In 1988 I bought a beautiful pair of fine leather Mary Janes in Paris, with an inch and a half high block heel, rather closed up and high, with a thin strap that buttoned on the side in an old-fashioned eyelet and button style. The slightly elongated toe made them look like a Victorian doll’s shoes. They were made for a long, skinny foot like mine and they were also the last expensive thing I’d bought before my brief modeling career dried up and I went back to school. And then, on a visit home to New York, my dad’s dog ate one of them.
My dad gave me money to replace the shoes, but they weren’t making them anymore. So, I got ankle boots by the same designer, same look, and was pretty pleased with them. They fit like a glove. I wore them to see my then lover, a Lacanian psychoanalyist professor type. After a lovely romantic evening with him, I put my boots back on, buttoned them up the side, and lifted my foot for him to admire. He said, “They have a kind of bulbous, boll weevil look.” I was appalled, but I pretended to think he was a rube who knew nothing about fashion. I walked home (alone) with my nose in the air, trying not to wonder if my feet looked big and bulbous in my new boots. I passed a couple, a happier couple than we were. My boyfriend wouldn’t even call me his girlfriend because he didn’t believe in these kinds of institutions. (Of course, I thought he was some kind of genius.) (I was young! In love! Inexperienced!) As I stood, feeling self-conscious and awkward, with my back to them and waiting for the light to change, I heard them burst into laughter and then hushed whispers. The light changed, and as I crossed the street, I was consumed with the certainty that they were laughing at how big and bulbous my feet looked in my boots. When I got home I put them away for the next twelve years!
It’s remarkable that even though I’ve moved many, many times, I’ve somehow managed to hold onto these boots, even though I never wore them. I had many opportunities to throw them out or resell them, many excuses to say, “I’ll never need this kind of dandified footwear again in my new life.”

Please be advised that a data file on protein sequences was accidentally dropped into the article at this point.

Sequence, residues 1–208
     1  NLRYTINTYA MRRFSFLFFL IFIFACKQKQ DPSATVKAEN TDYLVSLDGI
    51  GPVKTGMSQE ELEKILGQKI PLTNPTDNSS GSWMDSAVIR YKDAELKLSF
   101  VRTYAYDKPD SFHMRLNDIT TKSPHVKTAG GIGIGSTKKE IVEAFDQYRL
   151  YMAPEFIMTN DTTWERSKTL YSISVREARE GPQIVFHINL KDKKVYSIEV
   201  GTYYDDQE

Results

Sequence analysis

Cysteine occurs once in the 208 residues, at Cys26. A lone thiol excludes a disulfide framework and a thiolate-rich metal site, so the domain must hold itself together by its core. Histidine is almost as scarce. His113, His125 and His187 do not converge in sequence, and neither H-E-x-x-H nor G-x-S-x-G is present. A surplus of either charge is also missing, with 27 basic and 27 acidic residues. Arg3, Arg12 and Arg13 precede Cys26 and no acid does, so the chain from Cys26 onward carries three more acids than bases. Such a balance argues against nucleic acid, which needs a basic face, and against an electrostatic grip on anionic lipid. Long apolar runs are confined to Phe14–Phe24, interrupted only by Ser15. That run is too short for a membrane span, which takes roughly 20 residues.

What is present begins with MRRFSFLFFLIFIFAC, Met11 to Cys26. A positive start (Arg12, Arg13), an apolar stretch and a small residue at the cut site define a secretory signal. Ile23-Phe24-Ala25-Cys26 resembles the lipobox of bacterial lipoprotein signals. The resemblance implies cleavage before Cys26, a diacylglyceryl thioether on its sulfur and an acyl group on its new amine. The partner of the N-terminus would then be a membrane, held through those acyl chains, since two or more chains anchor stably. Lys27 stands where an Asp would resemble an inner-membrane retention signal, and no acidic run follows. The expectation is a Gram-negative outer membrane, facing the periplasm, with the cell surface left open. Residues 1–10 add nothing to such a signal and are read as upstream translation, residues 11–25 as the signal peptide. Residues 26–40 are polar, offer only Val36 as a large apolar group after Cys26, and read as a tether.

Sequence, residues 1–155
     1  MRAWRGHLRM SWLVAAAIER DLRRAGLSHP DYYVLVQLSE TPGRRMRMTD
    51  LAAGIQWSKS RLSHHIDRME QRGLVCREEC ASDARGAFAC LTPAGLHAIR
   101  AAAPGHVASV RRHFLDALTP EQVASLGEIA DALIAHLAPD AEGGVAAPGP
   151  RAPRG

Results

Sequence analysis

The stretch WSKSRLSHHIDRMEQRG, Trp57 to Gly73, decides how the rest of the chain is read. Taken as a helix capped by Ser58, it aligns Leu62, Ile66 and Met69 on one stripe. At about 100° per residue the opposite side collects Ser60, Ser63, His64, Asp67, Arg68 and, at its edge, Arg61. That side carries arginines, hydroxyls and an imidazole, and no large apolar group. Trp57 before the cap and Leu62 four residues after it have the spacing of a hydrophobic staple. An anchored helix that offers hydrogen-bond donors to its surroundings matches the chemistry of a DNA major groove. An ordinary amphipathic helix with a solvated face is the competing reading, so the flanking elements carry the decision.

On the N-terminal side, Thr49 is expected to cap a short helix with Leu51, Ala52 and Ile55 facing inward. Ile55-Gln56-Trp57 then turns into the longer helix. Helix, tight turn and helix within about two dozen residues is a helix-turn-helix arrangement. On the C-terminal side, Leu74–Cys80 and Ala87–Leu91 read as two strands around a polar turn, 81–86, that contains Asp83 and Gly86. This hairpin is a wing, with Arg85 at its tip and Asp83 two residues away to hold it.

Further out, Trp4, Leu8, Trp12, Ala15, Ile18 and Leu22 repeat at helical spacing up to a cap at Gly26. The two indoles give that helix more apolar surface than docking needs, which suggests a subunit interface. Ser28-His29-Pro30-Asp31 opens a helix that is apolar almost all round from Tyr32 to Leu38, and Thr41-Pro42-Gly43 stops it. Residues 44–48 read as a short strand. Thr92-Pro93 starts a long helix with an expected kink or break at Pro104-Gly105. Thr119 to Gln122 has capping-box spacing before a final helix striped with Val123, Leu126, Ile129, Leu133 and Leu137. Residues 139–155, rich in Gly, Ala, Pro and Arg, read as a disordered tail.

When I finally dug them back out again for lack of funds for new shoes one year, I was well over my Lacanian lover, and also well past looking to men, or anyone, to define my self-image. I couldn’t believe I’d been afraid to wear them. They looked beautiful. When I started wearing them again, it wasn’t just that I still adored the way they look. It was me finally saying, “I’m defining my image here. Not anyone else.”
I wear them instead of high heels, sometimes, to say, “I don’t have to conform.” And I wear them with jeans and a sailor shirt. I wear them whenever I want to feel like myself, and not look like anyone else. I love that no one else has a pair. I’ve re-soled and repaired them so many times. They’re on their last season now, I think. The leather is all worn out, beginning to dry and crack. So I drew their portrait. I’ll miss them when they’re no longer wearable.
I have a saved search on eBay, just in case there’s another pair out there waiting for me.